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DEL Shines Light on COVID-19 TERS Payments

August 24, 2020

Department of Employment and Labour

The personal services industry has been the biggest beneficiary of the Temporary Employer/Employees Relief Scheme with over R10 billion having been disbursed to workers in the industry benefitting 2 620 115 employees.

The employment and labour department confirmed this in a statement on reduction of Unemployment Insurance Fund (UIF) claims.

R40 billion has been paid by the UIF so far since 26 March 2020 to ease the burden of the Covid-19 lockdown.

The personal services industry includes boarding houses, cafes, restaurants, nightclubs, laundries and dry cleaning depots, barbers, beauty shops, funeral undertakings, crematoria, cemetery boards, advertising agents and collection agencies.

According to the department, R9 billion was also pumped into the trade industry.

This includes market agents, fish, poultry or game dealers, installers and assemblers of computers, household electrical appliances, televisions, radios, armature winding, taxidermist, pedal cycle or sewing machine dealers including repair and assembly thereof, photographers, hide, skin and wool merchants or brokers, and makers of feather dusters.

In this industry, 2 218 571 employees have benefitted.

In terms of the building industry, R2 billion has been disbursed to over 496 981 employees.

The rest of the industries are: iron with R2 billion, professional services with R1.9 billion, air services with R1.3 billion and mining with R1.2 billion.

Educational services, food and agriculture were just below the billion rand mark.

As regards compensation, the department pointed out that only one funeral has been paid for (R18 251) since the start of the pandemic.

Meanwhile, in a statement on the 20th Commission for Employment Equity (CEE) Annual Report 2019/20, the department declared that, despite efforts to transform the labour market, an “analysis of the workforce movement in South Africa indicate an apparent pervasive and persistent preference in the appointment, promotion and development of the White and Indian population groups, particularly at the top two occupational levels…”.

The department added that White and Indian population groups generally remain over-represented against their national economically active population (EAP) whereas African and Coloured population groups remain well below their respective EAPs at the top management level.

“The CEE report says in 2019 the White group occupied 65,6 percent of top management positions compared with (2018: 66,5 percent), (2017: 67,7 percent). The Indian group in 2019 occupied 10,3 percent compared with (2018: 9,7 percent), (2017: 9,4 percent) in to management positions. While the Coloured group in 2019 notched 5,6 percent against (2018: 5,3 percent),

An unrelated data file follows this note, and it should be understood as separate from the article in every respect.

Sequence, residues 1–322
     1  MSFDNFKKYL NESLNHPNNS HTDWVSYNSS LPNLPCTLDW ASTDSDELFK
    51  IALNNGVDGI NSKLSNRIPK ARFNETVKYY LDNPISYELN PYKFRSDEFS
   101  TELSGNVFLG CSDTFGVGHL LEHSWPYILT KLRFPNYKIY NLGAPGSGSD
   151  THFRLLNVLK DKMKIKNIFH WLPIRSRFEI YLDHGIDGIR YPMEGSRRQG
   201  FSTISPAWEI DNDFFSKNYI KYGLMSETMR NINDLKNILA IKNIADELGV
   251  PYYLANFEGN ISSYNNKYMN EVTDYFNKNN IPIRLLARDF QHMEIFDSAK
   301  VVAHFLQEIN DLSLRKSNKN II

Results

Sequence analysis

(2017: 5,1 percent) and the African group were laggards with 2019 representation at 15,2 percent compared to (2018: 15,1 percent), (2017: 14,3 percent) at top management.”

In terms of the Employment Equity Amendment Bill, tabled in parliament in July 2020, the department and the CEE will continue to engage several sectors to deliberate on the setting of sector targets and the plan is for these to be finalised next year.

The bill aims to amend the Employment Equity Act, 1998, so as to:

• amend a definition;
• insert certain definitions, to substitute a definition and to delete a definition;
• provide for the Minister to identify sectoral numerical targets in order to ensure the equitable representation of suitably qualified people from designated groups; and
• provide for matters connected therewith.

The proposed legislation will empower the labour minister to determine sectoral numerical targets in order to ensure the equitable representation of suitably qualified people from designated groups (blacks, women and persons with disabilities) at all occupational levels in the workforce.

It also seeks to enhance the administration of the act including the implementation of section 53 that provides for the issuing of a certificate by the minister confirming an employer’s compliance with Chapter II, or Chapters II and III, of the act, as the case may be, in relation to the conclusion of State Contracts.

The bill also aims to remove the requirement for psychological testing and similar assessments of employees to be certified by the Health Professions Council of South Africa and to remove a provision empowering non-designated employers to notify the Director-General of the labour department that they intend to voluntarily comply with Chapter III of the act as if they were a designated employer.